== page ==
Friday, April 8, 2011

Sunset over the bay.

In today's news, the word too often is used in reference to warfare.
There's another, more peaceful and personal meaning of the word: a pulling back, a temporary withdrawal from day-to-day life. (I look at the word and see "re-treat," as in doing something good for yourself -- again.)
The women's group at my church organizes a retreat every year, and a few weekends ago about 50 of us -- ranging in age from 8 months to 90-plus years -- headed to Harvey Cedars, on Long Beach Island. The retreat theme varies every year, but the goal is the same: to make time to do whatever it is that fills our souls. 
I love the ever-changing flow of the weekend. We gather all of us together, and spin off into small groups. Sometimes two people cross paths and connect; sometimes you go solo. 
You can follow your own path.
While I absolutely love the company of women, I do crave that time alone. The retreat gave time and space for both.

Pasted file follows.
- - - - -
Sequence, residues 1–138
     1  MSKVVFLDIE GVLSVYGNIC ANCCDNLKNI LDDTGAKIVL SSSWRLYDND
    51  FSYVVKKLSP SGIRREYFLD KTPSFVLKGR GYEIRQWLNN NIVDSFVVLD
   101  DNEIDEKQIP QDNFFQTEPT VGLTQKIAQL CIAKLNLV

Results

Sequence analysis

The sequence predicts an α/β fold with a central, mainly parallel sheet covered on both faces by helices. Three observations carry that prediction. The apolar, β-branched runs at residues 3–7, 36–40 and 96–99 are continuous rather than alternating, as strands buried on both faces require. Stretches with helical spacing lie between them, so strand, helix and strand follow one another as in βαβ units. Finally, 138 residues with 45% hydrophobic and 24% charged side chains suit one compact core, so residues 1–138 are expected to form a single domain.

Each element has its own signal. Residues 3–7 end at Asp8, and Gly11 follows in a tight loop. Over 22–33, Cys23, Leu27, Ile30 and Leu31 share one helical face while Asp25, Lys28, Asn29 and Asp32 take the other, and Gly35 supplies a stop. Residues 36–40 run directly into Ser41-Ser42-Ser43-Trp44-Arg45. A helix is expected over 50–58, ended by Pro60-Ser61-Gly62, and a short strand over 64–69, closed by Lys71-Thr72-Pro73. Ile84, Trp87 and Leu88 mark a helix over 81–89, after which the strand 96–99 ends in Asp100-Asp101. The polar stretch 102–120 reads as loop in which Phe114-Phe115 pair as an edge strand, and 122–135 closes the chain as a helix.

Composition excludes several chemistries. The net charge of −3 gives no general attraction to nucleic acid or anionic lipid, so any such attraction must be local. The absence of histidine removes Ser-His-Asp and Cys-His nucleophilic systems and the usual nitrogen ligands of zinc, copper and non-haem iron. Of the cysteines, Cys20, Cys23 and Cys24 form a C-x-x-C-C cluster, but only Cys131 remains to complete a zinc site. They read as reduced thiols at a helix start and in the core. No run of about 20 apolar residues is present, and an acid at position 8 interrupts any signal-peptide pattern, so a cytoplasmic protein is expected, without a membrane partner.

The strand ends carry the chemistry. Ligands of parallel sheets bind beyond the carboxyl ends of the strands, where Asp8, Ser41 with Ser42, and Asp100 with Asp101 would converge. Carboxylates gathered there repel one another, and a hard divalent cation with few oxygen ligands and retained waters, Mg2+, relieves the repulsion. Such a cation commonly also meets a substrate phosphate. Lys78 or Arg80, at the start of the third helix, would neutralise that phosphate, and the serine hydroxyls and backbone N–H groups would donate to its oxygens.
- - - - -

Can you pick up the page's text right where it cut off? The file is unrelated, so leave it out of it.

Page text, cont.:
In a memorable act of togetherness, we trekked down to the beach to watch the moon rise on Saturday. We had heard the full moon would be spectacular that night, a so-called "supermoon"* that happens about once every 18 years.
We reached the beach about 15 minutes before moonrise, and as the wind picked up and the temperature dropped, some may have wondered if it was worth the trip.
It was. 
We huddled together and looked out. Blue sky met deep blue sea at the horizon. Then came a small curve of orange, rising slowly. The curve eventually became a half-circle, and finally a luminous full moon, perched on the water. Within minutes it was high enough in the sky to reflect onto the water's edge. Moon above and moon below. Quite a sight.
Earlier in the day I had made a solitary pilgrimage to the ocean. At one point I stopped and just listened to the deep, constant thrumming of the wind. It felt … eternal, like the waves breaking at my feet.
The weekend was such a gift, and I give thanks.

* Technical terms: The "supermoon" phenomenon occurs when the full moon coincides with "perigee," the point in the moon's orbit when it comes closest to Earth. On March 19, the full moon and perigee were less than one hour apart, a rare occurrence, according to a NASA website.

Memorable moonrise.

A fellow beach traveler left tracks.

Zebra stripes in the sand.

Tufted grass by the bay.


  1. Cathy -

    Your blog is always a joy to read. :)

  2. What a pleasure to read. I'm having a lovely wander through your blogposts.